If you’ve ever run a small business, you’d have to agree that it’s never easy. It’s no small feat keeping a company afloat. It takes the right talent, processes, and – you almost never hear this – right tools to keep the business running efficiently.
I’ve had the great privilege to work with companies both big and small. Through my experience with them, I’ve managed to learn a few important lessons on how to efficiently manage a business. Here are some of those lessons.
1. Measure everything
“What gets measured, gets done.” I am a big believer of this statement and it’s something that I am a stickler for.
I’ve had many a conversations with business owners and managers and the thing that always surprises me is that most don’t measure their performance beyond the standard P&L statements. In all the companies that I’ve worked for, the contrast couldn’t be more obvious – the ones who measure more are more successful.
Justlogin is a working example of this mantra. A year ago, we started looking at our internal processes and decided to leverage our own CRM and HRM systems more effectively. We started building more performance reports, measuring and analyzing more of the data that we were generating.
The first thing I noticed about our team was that their behavior started to change. Instead of complaining about additional work, everyone started to appreciate the visibility of their efforts and the clarity of their role. Targets are now met more readily and issues get resolved much faster.
2. Daily SCRUM
Another practice that has worked well for us is our daily SCRUM calls. We borrowed this from the popular (especially with internet startups!) agile project management movement.
Every morning at 9:00 AM, we do a quick 15-minute conference call. Everyone in the team calls in regardless of where they are. We all take turns to quickly share the following:
1. What did I do yesterday?
2. What will I do today?
3. Are there any difficulties or obstacles in my way?
The call is not meant to be a status update or a session to find solutions to problems. Those can be covered on a separate discussion. Its purpose is to make the team aware of what’s going on in the rest of the business. This way, issues are raised and highlighted early.
What I have noticed is that this exercise has improved accountability and has significantly increased the speed of the business.
3. ABC (Always be Closing)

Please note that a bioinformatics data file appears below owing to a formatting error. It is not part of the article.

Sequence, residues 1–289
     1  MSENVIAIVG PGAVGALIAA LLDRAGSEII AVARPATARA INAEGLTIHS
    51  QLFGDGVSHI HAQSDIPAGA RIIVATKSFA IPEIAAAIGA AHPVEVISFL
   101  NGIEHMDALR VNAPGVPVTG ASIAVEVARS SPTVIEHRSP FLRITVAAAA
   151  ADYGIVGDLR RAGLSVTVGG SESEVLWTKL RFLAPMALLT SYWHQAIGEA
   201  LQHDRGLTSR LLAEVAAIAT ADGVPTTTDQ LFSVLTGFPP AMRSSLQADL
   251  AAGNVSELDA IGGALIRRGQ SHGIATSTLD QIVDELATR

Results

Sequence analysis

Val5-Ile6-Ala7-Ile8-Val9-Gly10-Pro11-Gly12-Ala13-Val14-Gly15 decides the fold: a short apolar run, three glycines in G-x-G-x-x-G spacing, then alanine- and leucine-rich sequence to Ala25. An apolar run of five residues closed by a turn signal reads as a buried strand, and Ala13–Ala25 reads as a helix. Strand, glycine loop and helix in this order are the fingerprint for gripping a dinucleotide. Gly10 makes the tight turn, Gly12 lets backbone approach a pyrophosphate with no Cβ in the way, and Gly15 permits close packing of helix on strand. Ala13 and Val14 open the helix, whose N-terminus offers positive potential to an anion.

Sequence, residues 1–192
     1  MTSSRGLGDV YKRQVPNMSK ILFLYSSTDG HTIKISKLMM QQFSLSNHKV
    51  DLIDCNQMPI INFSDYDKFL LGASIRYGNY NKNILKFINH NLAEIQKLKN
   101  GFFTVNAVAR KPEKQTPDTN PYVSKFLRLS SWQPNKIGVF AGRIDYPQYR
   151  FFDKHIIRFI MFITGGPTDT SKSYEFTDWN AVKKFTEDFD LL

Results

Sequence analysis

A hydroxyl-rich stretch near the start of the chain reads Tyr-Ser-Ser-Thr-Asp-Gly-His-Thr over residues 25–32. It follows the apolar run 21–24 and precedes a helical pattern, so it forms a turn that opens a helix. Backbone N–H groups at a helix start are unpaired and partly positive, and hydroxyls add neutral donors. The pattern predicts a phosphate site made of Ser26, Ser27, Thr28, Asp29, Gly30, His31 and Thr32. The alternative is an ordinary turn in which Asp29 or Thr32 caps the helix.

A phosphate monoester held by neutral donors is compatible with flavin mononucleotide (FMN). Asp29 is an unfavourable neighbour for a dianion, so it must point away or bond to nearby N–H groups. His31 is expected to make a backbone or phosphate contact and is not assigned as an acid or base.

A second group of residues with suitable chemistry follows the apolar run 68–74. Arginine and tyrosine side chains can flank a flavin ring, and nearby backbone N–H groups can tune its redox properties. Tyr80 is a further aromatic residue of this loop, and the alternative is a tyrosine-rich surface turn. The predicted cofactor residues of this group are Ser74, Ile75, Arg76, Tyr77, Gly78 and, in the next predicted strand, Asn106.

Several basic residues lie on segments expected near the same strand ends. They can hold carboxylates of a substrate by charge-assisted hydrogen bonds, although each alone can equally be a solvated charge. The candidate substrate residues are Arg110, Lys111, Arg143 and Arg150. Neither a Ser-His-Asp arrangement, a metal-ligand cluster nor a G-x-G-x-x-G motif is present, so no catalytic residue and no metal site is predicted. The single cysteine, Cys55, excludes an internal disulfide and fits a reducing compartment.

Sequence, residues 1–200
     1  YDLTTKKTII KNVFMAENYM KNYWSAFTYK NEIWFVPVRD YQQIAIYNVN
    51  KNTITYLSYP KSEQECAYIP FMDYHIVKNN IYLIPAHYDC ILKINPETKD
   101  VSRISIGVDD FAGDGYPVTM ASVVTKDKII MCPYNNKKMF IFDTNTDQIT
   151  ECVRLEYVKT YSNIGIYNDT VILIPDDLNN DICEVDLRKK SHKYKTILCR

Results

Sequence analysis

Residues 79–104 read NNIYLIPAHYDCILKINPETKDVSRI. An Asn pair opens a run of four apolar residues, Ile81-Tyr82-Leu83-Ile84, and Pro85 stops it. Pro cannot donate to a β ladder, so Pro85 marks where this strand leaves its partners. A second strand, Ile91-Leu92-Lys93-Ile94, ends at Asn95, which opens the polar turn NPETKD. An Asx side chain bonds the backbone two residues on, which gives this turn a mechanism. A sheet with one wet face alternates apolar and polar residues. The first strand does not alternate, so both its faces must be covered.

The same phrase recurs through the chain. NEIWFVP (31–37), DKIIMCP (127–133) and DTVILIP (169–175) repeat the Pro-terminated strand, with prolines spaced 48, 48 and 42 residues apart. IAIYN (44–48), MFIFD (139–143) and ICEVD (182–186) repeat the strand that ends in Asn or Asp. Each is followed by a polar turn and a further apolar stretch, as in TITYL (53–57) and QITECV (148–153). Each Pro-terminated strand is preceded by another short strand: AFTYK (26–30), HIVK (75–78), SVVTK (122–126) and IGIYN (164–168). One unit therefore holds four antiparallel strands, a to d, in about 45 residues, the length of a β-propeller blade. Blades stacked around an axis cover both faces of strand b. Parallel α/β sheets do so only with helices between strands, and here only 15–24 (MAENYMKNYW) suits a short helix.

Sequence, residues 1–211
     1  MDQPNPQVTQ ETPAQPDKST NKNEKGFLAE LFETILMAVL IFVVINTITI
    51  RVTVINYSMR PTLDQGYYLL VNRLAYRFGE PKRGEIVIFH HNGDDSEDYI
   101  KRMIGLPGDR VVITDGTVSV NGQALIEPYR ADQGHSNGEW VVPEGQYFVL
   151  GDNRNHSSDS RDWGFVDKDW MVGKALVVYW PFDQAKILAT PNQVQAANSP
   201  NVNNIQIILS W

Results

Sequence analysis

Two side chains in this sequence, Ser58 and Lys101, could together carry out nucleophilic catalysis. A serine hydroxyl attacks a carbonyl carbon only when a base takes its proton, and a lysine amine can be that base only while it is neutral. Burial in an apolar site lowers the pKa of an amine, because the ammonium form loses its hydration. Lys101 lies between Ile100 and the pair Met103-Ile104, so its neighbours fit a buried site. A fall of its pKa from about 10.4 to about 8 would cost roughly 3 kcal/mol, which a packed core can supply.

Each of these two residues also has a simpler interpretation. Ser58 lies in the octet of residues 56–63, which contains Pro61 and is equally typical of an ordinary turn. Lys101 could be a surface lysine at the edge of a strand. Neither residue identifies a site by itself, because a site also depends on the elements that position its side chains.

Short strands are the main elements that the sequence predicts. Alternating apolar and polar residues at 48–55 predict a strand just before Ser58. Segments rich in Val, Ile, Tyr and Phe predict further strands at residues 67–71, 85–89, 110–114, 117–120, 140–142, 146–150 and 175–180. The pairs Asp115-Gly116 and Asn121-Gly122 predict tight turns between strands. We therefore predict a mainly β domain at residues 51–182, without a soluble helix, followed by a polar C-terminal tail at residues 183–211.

This is a line from the movie ‘Glengarry Glen Ross’. It’s based on a play about a group of sales people and their struggles.
This particular line – ABC (Always be closing) – has always stood out for me all throughout my career. Why? Because it can be applied to almost every aspect of the business. Even though this line mostly refers to closing deals, non-sales people can also apply this mindset of always closing or getting things done to their everyday work.
In business, there will always be many priorities. It’s very easy to get swamped with too many tasks that some eventually never get done. My solution to this is to break up bigger to-dos to smaller and more manageable tasks that can be easily ‘closed’ (done). The aim is to close these small tasks as soon as possible – always be closing!
However, sometimes there are just too many tasks to manually keep track off. This is where a proper tool to monitor tasks will help keep you on the course.
Here at Justlogin, we use various tools like Trello and Dapulse to help us monitor our tasks as an organization. We also use our own Justlogin software to automate critical tasks and processes, like leave applications, attendance, expense, and payroll.
4. Cloud Everything
One of the greatest innovations to ever happen to modern business is the Cloud.
With the advent of Cloud and Software-as-a-Service, small companies now have access to very powerful business applications that used to be just limited to large enterprises. The same applications that big businesses use to increase their employee productivity are now available at a fraction of the price to small businesses as well.
Small companies also don’t need to put in heavy investment in physical infrastructures or an army of consultants – they can get the same benefit from cloud software. With all these benefits, there’s very little excuse for small businesses not to jump onto the cloud.
Over the last few years, we at Justlogin started to move almost all of our business processes to the cloud – from our PABX system, CRM, email, finance, to even our guest registration system. Our CEO perfectly sums up the benefit – “If the office burnt down, we will still able to continue business as usual because all our data is on the cloud.”
Running a small business is difficult. However, by embracing the cloud, you can increase the velocity of your business and gain an edge against your competitors who still cling to the old, inefficient processes of the past.